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Grain quality and iron density of Philippine rice cultivars

Riza G. Abilgos-Ramos, Rosaly V. Manaois, Shaila Sol P. Escubio, Gemmabelle D.G. Garcia, Emily C. Arocena and Leocadio S. Sebastian

Philippine Rice Research Institute, Maligaya, Science City of Munoz, Nueva Ecija, 3119, Philippines

Abstract

For breeding efforts on increasing the iron concentration of rice to succeed, stability of iron-dense traits of cultivars across environments and their acceptability to consumers must be considered. Ten Philippine rice cultivars were grown in various environments to measure effects on grain iron concentration. Cultivars were grown in Batac, Ilocos Norte and Muoz, Nueva Ecija during the wet and dry seasons of 2002. During the dry season, higher grain iron concentrations were observed at Batac compared to Munoz, although a significant correlation coefficient between Batac and Munoz analysis suggests that the level of iron concentrations across the genotypes tested remained stable and, while a significant environment effect was witnessed, there was no apparent G x E effect. Meanwhile, most of the cultivars exhibited lower grain iron during the wet season for both locations.

Grain quality data of the samples for 2001 wet and 2002 dry seasons were consolidated. All milled samples had excellent physical attributes and were found to be acceptable in the consumer sensory evaluation. Crude protein values ranged from 6.3% to 9.1%. Most of the samples had intermediate to low apparent amylose content and low to intermediate alkali spreading values. All cooked samples received acceptable ratings from the consumer panelists.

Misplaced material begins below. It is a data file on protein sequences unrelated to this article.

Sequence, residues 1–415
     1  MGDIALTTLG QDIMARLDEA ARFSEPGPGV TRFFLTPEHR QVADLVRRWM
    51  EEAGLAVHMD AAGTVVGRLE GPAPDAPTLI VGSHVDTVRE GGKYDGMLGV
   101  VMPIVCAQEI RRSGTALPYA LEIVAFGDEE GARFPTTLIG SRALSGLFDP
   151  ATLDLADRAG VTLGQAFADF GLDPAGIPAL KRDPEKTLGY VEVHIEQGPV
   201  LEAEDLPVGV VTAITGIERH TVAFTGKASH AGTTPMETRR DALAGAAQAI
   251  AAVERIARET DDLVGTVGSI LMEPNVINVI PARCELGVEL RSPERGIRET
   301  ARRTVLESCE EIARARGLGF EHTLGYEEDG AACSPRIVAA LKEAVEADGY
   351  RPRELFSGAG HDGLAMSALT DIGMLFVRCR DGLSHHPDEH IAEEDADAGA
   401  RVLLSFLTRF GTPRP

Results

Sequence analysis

Keywords

biofortification, germplasm, chalky grains, ions, grain length and shape, volume expansion

Seasonal Effects on Iron Content of Rices Grown in Two Locations

A total of 438 lines/varieties were subjected to inductively coupled plasma-atomic emission spectroscopy (ICP-AES) for grain mineral concentration analysis in the Waite Analytical Services Laboratory of Adelaide University in Australia (as this facility is not yet locally available). From this germplasm, two sets of the 10 aromatic entries were planted in Munoz, Nueva Ecija and Batac, Ilocos Norte, and were reanalyzed to determine any GxE interaction, particularly in terms of iron content. These included IR68144, the iron-dense rice developed by the International Rice Research Institute (IRRI). Table 1 presents the iron contents of the ten cultivars in brown rice form.

Table 1. Iron (Fe) contents of mineral-dense cultivars harvested from two different fields in the 2002 WS.

Designation

Fe Content (mg/kg)

Mean Fe (mg/kg)

Batac

Munoz

IR841-85

7.5

8.0

7.7

PR27423 - MS6

7.4

6.9

7.1

PR27425 - MS8

8.7

7.9

8.3

PR31595 - PSC101

-

8.8

 

PR27089-4-33-35-1

7.6

7.9

7.8

PR26243-69-1-6-1-1-1-1

11.2

8.4

9.8

IR69745-251-2-2-1-1

10.2

9.8

10.0

IR72860-80-3-3-3

10.5

9.2

9.9

IR72870-120-1-2-2-2

9.0

8.6

8.8

IR68144-2B-2-2-3-2

11.9

10.3

11.1

Note: (-) no data obtained; samples were infected